Listening to the gun safety/gun control debate in this country might cause a person to think that there is no gun control or gun safety regulation in existence. Nothing could be further from the truth. The Supreme Court’s Heller decision made clear that reasonable gun regulation is completely compatible with its understanding of the Second Amendment. What Heller did was find that a Washington, D.C., law banning handguns in the home and requiring other firearms to be stored unloaded or locked went too far and was unconstitutional under the Second Amendment.

But the court said further that “nothing in our opinion should be taken to cast doubt on longstanding prohibitions on the possession of firearms by felons and the mentally ill, or laws forbidding the carrying of firearms in sensitive places such as schools and government buildings, or laws imposing conditions and qualifications on the commercial sale of arms.”

There are virtually total prohibitions
on some weapons.

It is reasonable to assume that similar regulations would not violate the Second Amendment. In fact, there are virtually total prohibitions on some weapons, such as sawed-off shotguns, and automatic rifles or pistols, along with gun accoutrements such as silencers, unless deep background checks result in the issuance of a license to possess such a gun or device. Some states absolutely prohibit such weapons and accessories. There are also regulations concerning ammunition and high-capacity magazines in some jurisdictions.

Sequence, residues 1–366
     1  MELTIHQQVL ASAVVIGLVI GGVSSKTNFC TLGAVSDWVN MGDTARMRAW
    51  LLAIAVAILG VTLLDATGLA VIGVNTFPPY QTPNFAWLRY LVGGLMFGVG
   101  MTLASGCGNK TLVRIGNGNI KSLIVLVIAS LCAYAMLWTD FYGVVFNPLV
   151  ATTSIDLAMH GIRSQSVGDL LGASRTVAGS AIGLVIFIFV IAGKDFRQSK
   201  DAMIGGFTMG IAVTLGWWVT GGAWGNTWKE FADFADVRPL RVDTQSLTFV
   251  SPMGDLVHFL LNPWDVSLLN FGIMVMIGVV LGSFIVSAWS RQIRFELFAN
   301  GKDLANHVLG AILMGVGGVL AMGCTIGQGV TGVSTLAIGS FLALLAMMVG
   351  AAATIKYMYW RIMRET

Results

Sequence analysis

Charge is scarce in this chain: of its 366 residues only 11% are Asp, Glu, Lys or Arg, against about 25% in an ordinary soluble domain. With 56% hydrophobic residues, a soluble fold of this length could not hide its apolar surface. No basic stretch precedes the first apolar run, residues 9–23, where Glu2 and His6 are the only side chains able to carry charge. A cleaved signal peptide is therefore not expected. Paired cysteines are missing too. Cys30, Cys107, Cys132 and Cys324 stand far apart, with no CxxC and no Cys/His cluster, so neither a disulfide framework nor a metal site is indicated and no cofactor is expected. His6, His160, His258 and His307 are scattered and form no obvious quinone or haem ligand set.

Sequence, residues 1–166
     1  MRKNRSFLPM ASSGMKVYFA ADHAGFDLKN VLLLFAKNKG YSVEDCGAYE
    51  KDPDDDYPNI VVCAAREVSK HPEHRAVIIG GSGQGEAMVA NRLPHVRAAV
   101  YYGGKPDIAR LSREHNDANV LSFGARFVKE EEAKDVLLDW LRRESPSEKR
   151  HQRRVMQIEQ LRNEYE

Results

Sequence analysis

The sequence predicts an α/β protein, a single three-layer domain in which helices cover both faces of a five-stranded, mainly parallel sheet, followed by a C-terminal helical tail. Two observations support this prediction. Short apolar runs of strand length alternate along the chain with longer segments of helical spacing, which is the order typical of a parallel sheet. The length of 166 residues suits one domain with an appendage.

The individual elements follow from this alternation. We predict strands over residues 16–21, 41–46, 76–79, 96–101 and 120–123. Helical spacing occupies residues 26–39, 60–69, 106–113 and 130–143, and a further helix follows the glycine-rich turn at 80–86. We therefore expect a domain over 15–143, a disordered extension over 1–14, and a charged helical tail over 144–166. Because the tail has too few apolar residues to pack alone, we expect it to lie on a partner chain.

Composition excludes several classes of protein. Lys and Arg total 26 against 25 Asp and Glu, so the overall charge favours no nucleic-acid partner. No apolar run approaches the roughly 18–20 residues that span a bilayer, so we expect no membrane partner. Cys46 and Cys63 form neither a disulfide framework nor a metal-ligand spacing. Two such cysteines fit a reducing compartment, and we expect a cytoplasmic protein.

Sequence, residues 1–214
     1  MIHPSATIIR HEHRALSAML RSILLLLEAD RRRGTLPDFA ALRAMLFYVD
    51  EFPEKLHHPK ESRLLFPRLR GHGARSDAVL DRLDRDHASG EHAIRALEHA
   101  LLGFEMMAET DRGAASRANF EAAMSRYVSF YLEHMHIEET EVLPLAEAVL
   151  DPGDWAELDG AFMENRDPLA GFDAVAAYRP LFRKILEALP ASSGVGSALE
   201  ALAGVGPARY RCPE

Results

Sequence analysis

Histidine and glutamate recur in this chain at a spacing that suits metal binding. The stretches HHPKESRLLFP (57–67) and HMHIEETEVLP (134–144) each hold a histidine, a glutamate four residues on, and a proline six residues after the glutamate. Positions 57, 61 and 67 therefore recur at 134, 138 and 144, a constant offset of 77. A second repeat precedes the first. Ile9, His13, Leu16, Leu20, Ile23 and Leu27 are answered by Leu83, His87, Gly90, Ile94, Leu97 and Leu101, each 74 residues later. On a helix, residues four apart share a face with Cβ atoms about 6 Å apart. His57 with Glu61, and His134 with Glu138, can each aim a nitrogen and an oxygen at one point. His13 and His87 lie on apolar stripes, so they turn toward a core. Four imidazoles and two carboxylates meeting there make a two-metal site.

For 10 years (1994-2003), federal regulations prohibited the sale and manufacture of 18 specific models of assault weapons (the “assault weapons ban”), as well as a ban on any firearms containing certain military-style features, such as a bayonet mount, a flash suppressor, or a folding stock. High-capacity magazines capable of holding more than 10 bullets were banned. Those who already owned such weapons and accessories were allowed to keep them.